Apparently, I’m not very good at goodbyes. This is apropos of nothing immediate, just something that came up in therapy yesterday, when I was trying to explain how I feel guilty or remorseful about making plans with friends during time I could be spending with Doug – because I feel like I might be missing something good.
“But what if you spend time with Doug, and then you’re ready to move on to something else?” she asked. “Don’t you get to the point where you feel satiated?” She used sex as an example, saying that it’s possible, after everyone has their orgasm, to feel totally fulfilled and then want to go do something else, without the other person – and, whether in regards to sex or just quality time, don’t I ever get to that point?
I must have looked at her like she was speaking Hebrew: not only did I not understand what she was saying, but even the letters making up her words were totally foreign.
“Why would I want to go do something else?” I asked, baffled. “Why would I want to leave when things are good?”
“Well, if you got to the point where you were satiated…”
I laughed, uncomfortable, wondering if I’ve been missing something my whole life. “I don’t get to that point. I want to be around Doug all the time. Unless he’s annoying me – but that’s not what you’re saying.”
We talked a little more and found that maybe I do get to that point. If I’m hanging out with a friend, and have to get up early the next day, there comes a point when I’m done. If I’m on the phone with my mom, and dinner’s ready, I want to hang up. But there’s always something negative motivating it: I’m tired, my head hurts, I have to pee, and therefore, I am no longer interested in this conversation. And the longer it takes to say goodbye (because it’s never quite as simple as, “I’m kicking you out,” or, “Okay, talk to you later, bye”), the more frustrated and annoyed and desperate I get. Or I get annoyed with myself, because I get caught up in the moment and forget that I’m supposed to be kicking people out/hanging up/leaving. (Last night, just as Doug and I were getting ready to head home from his mom’s house, I mentioned that I’d like to see her wedding video. And she decided to show us right then. And then we were there for another hour.)
So no, I don’t know this feeling of being satiated and fulfilled and then calmly moving on to the next thing.
Maybe that’s why I can’t stand break-ups. I’ve tried to remain friends with all my exes, and if we’re not friends, it’s because they made that call. (Or they failed to tell me when they got engaged again, and still haven’t given back my Friends DVDs.) Maybe it’s why I can’t handle the idea of losing a friend – of growing apart or growing up or falling out – and facebook has made it far too easy to cling to the shreds of a friendship that’s been long outgrown.
I concur that it’s possible that people come into our lives to serve a purpose – teach us something, help us get through something, keep us company for a period of time, leave us with beautiful memories – and then, once their purpose has been served, they quietly leave again. Hasn’t this been the subject of so many children’s stories?: Mary Poppins, “The Velveteen Rabbit,” Peter Pan, that Frosty the Snowman cartoon… And I think there’s one story or movie out there, where a character actually says, “I was here as long as you needed me; but you don’t anymore, and I have to go where someone else needs me now.” (Maybe it was Mary Poppins, but I feel like there’s something else, too.)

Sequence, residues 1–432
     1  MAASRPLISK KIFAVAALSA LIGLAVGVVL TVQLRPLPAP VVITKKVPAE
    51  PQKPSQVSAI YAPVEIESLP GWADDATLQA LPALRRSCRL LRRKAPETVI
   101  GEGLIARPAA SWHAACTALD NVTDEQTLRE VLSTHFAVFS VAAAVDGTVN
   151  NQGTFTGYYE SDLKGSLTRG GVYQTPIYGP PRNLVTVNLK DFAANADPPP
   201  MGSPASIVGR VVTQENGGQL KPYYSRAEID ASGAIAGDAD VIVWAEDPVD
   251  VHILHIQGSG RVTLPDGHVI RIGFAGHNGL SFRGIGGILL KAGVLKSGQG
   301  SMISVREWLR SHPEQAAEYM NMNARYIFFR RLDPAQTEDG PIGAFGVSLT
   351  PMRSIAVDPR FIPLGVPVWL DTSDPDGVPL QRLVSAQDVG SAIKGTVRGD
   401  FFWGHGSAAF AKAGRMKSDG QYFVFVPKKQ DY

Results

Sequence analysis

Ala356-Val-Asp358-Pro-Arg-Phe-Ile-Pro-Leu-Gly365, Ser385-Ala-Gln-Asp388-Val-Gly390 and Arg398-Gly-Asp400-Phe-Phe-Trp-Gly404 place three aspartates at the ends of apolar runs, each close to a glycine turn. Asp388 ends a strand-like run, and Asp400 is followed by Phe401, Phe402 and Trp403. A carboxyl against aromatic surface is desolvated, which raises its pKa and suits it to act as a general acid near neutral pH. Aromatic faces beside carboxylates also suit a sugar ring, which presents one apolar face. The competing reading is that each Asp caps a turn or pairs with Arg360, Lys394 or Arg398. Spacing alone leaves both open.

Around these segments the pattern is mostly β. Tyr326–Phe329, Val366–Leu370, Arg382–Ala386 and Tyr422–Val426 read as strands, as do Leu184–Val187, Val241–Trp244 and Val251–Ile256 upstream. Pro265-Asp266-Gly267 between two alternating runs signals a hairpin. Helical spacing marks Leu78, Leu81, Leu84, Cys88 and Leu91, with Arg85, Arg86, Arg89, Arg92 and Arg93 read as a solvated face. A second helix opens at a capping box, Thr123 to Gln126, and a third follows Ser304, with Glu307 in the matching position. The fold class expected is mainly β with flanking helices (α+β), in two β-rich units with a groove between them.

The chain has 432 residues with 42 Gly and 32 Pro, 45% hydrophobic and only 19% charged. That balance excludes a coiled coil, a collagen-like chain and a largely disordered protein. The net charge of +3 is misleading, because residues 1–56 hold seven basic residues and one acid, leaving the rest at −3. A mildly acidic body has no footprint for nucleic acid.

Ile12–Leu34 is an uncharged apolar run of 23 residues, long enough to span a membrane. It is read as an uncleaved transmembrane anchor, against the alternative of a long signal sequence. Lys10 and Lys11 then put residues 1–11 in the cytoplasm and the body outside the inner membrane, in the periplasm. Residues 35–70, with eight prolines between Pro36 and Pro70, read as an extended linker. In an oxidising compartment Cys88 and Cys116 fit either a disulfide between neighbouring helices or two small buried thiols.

I fully admit that this concept, of people leaving footprints on our hearts and changing us and then moving on, is possible. I just don’t see why it has to happen to me. Because I don’t get satiated. I still love almost everyone I’ve ever loved. I want to collect friends, not lease them. And I don’t want them to go until I’m done with them – until I’m tired, or my head hurts, or I have to pee, or they’re annoying me – and even then, I usually want them to come back when I’m feeling better.
This feels really selfish. Is it selfish?
I want to be around Doug all the time. I want to be in touch with all my friends for the rest of our lives. I want my parents to live forever. I want my fertilized eggs to stick around and gestate, not disappear into oblivion.
I am terrified of loss, and I am not good at saying goodbye. And I don’t know which is chicken, which is egg.
I used to get stuck
in the trees
when I climbed them.
I climbed them
because you did,
and I wanted to be like you,
I climbed them
because I knew I would get stuck,
because I knew
you would help me down,
taking my hand.
And when I met the ground again,
and while I relearned to breathe,
you would hold me
tight and say,
See? That wasn’t so bad.
Please don’t let go
don’t let go.
when I need help
I go back to the trees.
And I climb them.
And get stuck
and scraped on the bark.
You used to save me…
Where are you now?
I would find you here.